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This leaflet gives you information you should know before agreeing to undergo surgery. We encourage you to read this and ask any questions which may arise before signing the Consent Form on the day of your surgery.
• To improve the appearance of a strabismus, with glasses if worn.
• Reduction in the severity or frequency of double vision, if suffered.
• To improve the control that you have over the strabismus.
• Allowing the eyes to work together as a pair.
Your specific case will be discussed with you in detail as not all these will apply to your condition.
As with every operation, strabismus surgery has risks.
- All serious complications are rare.
- The main risk is the possibility that the surgery may over correct or under correct your strabismus. This may mean you require further surgery, this may be soon after, or up to many years after the original surgery. Based on prospective audits 90% achieve good functional / cosmetic outcome with one operation.
- The operation may give you double vision. This may occur as the brain adjusts to the new position of the eyes. This often settles over days to weeks. If it is permanent other treatment may be necessary.
- Blurred vision, itchiness and redness is normal immediately after surgery and settles.
Complications during the operation (all very rare)
• One of the eye muscles may slip and be difficult to find during surgery.
• One of the sharp instruments used during the surgery may pierce the wall of the eye. (Globe perforation 0.1% or 1 per 1000* – antibiotics may be required or laser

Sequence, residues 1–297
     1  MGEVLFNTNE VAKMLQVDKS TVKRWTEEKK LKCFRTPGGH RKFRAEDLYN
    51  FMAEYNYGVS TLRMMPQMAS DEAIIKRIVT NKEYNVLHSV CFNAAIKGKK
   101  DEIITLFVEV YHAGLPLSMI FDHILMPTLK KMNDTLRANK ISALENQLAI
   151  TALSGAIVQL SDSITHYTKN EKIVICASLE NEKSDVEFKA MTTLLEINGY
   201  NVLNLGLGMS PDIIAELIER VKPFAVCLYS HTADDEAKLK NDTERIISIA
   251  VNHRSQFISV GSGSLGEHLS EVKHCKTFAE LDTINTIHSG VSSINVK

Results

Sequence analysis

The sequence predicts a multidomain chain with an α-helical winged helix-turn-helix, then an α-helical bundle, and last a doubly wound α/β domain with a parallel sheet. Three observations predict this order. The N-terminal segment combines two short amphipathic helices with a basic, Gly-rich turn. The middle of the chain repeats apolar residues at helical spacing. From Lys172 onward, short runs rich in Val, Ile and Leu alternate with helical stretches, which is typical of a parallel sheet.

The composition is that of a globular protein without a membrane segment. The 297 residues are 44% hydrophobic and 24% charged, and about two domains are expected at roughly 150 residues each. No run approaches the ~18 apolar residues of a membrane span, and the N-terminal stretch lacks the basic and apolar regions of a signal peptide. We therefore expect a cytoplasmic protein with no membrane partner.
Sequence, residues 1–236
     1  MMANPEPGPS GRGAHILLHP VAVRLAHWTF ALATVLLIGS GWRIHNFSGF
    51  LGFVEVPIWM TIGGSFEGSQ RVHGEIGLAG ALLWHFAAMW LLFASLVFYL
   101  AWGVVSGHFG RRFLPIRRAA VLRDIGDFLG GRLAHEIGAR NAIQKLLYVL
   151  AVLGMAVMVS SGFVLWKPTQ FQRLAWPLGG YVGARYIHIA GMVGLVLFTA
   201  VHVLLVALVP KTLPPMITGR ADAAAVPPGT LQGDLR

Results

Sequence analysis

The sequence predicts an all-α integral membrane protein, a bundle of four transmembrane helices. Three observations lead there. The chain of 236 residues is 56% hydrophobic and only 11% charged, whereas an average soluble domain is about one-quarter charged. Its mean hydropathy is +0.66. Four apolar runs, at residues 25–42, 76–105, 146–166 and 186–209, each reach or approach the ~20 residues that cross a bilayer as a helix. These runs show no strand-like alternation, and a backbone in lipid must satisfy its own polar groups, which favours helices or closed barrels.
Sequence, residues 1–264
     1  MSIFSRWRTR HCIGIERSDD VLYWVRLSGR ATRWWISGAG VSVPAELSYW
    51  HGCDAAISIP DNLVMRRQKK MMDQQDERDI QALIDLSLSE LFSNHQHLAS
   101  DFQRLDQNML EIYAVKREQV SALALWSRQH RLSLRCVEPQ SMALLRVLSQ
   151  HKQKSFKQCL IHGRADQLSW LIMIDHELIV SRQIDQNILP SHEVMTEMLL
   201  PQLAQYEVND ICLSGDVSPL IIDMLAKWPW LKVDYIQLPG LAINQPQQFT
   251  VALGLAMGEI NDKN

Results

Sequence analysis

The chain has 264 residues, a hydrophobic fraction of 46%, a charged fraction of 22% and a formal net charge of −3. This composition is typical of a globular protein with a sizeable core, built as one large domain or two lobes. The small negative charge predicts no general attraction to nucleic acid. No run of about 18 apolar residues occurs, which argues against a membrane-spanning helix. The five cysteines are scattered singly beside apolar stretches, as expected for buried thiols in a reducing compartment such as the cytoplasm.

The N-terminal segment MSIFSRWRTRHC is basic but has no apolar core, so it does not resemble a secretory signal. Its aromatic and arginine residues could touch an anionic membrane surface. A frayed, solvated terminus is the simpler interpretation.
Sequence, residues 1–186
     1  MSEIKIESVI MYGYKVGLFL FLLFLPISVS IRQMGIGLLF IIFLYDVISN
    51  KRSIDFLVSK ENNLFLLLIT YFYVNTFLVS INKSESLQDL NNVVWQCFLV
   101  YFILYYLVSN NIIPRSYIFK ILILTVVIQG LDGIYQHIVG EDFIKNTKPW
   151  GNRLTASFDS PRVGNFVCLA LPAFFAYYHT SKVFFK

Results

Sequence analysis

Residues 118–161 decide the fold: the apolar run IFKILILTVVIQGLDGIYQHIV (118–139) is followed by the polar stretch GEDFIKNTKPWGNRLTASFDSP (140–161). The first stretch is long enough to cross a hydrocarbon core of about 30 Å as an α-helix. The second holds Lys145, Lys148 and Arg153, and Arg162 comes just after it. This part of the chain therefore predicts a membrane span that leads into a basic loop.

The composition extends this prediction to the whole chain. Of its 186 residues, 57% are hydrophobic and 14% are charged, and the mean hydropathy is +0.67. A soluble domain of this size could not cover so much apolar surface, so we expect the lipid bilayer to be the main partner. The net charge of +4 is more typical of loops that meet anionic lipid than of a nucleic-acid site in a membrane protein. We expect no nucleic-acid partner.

treatment. Depending on the site of the perforation, eye sight could be affected).
• An incorrect muscle may be operated on because of unusual anatomy or previous
• It may not be possible to perform as much surgery as is needed because maximal
surgery has already been performed during a previous operation.
Complications occurring after the operation
- Over or under correction of the squint.
- Double vision which does not settle within a few weeks.
- Inflammation or infection of the eyeball. (Scleritis. This would require additional medication).
- Damage to the sight of the eye: can result from detached retina or infection in the eye (Endophthalmitis: 0.05% or 1 patient per 2000 according to the British Ophthalmic surveillance unit).
- Cyst formation at the site of dissolvable sutures.
- ‘Slipped muscle’. The eye is in a good position after surgery, but then suddenly worsens again in the days following surgery. (0.09% or 1 patient per 1100 according to the British Ophthalmic surveillance unit. Further surgery may be required. Sometimes it is not possible to correct this).
- Anterior Segment Ischaemia (reduced blood flow to the front of the eye) is a risk with multiple previous strabismus surgeries and / or increasing number of muscles being operated on in one eye).
- Overall serious risks occur in 0.3% or 3 patients per 1000 according to the British Ophthalmic surveillance unit.
Alternatives to surgery
Alternatives are available to some patients such as prisms in glasses, regular botulinum toxin injections or use of a special patch or contact lens to block the vision in one eye. These can be discussed with your orthoptist / ophthalmologist.
St Richard’s Hospital
St Richard’s Hospital
Chichester West Sussex
Orthoptist 01243 831499
Upper Shoreham Road
Shoreham-by-Sea West Sussex
Orthoptist 01273 446077
We are committed to making our publications as accessible as possible. If you need this document in an alternative format, for example, large print, Braille or a language other than English, please contact the Communications Office by email: [email protected] or speak to a member of the orthoptic department.
The information here is for guidance purposes only and is in no way intended to replace professional clinical advice by a qualified practitioner.